While researching the Chozo for my last post, I came across a scan of the Super Metroid comic from Nintendo Power. I wasn’t subscribing to the magazine when it was originally published, so this was the first time I’d read it. Despite some bits that were perhaps overly goofy, like a Galactic Federation member who can’t stop eating, it was pretty good. It introduced the Old Bird, one of the few surviving Chozo, who gave the background for the bird-people and how they had raised Samus Aran.
I DID subscribe when the Zelda and Super Mario comics ran in the magazine over the course of a year, and I remember there being complaints about comics being printed in a gaming magazine. I guess I can see that argument, but I personally looked forward to each new installment. The Zelda comic was based on A Link to the Past, which had just recently come out, and covered most of the highlights of the plot while diverging a bit during parts that wouldn’t have translated well to the comic format.
A few interesting bits of trivia about it include:
- There’s a mention of the ancient knights of Hyrule riding into battle on a giant bird. I don’t know that much about Skyward Sword, but I do know Link rides a bird in it. I wonder if there’s any intentional connection there.
- It could also be considered foreshadowing that Link travels with a fairy companion, here named Epheremelda, and of course the fairy Navi guides him in Ocarina of Time (whether you want her to or not).
- While the Dark World in the game turns Link into a bunny, in the comic it starts to turn him into a beast, with the explanation that it’s due to his anger. Kind of makes more sense if the Dark World is supposed to physically reflect someone’s personality. Why a rabbit in the game? Does Link just have a particular fondness for carrots?
- Link’s parents refer to his uncle as “our brother,” so we never actually learn which side of the family he’s on.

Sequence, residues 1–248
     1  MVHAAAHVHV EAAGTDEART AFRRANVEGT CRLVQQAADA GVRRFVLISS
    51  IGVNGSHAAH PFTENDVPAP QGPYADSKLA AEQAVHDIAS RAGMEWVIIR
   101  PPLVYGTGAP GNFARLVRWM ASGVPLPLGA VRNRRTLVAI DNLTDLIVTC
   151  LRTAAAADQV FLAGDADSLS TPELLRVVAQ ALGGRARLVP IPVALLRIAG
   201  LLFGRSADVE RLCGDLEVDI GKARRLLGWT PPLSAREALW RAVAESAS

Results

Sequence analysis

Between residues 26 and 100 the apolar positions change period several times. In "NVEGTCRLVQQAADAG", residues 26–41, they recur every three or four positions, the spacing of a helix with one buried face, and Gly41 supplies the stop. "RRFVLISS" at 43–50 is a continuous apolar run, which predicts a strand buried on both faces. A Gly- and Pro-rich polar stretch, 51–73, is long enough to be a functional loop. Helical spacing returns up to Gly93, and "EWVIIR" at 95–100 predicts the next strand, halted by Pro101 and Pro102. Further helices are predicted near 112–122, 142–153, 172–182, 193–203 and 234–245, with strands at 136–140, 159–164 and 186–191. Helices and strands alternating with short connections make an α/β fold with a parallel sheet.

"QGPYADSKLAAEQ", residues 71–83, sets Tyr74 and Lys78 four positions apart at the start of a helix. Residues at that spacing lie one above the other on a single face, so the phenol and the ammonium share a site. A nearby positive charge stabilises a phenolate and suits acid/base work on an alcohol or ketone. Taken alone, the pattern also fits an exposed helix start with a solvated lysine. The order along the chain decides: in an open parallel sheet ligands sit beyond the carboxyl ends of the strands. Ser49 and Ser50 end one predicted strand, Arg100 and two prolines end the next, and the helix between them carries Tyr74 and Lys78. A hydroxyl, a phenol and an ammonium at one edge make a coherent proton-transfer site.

- There’s a depiction of the human Ganondorf who looks much more normal than the Gerudo form he’d eventually receive.
- There’s a suggestion at the end about how Link and Zelda can never really be together, despite their ongoing bond.
Then there’s Super Mario Adventures (I think this page has better scans, but they’re not complete), based on Super Mario World, but in a much looser and sillier adaptation.
That makes a certain amount of sense, as Mario games rarely have particularly engaging plots (I guess the RPGs could be considered the exceptions), and there’s something about the characters and settings that lend well to whimsical comedy. To give you an idea of the style of this comic, Bowser performs a rap when he shows up to kidnap the Princess, and then turns a group of Toads to stone in a visually absurd manner. The spell affects Mario as well, but he’s cured by a week of massage. One interesting thing about this comic is that it’s one of the earliest instances of Bowser having a thing for the Princess rather than just kidnapping her for political gain. Mario and Luigi do travel to Dinosaur Land and meet Yoshi, who wants them to help him free his fellows from captivity under the Koopas, so it does essentially follow what plot there is in SMW. Other characters include a bodyguard to the Princess who might be Toad, and the amoral but sometimes helpful salesman Friendly Floyd. In addition, I found it interesting that, while the DiC cartoons made Mario the ravenous one, presumably because he’s fatter, in this comic it’s Luigi who’s more motivated by his stomach. He’s the one who gets caught in a trap by the smell of provolone. Also worthy of notice are the sound effects, which include these gems:
There was also a Star Fox comic in Nintendo Power, but since that series never held as much interest for me, I’m not going to review it here. It’s probably somewhere on the Internet if you’re interested, though.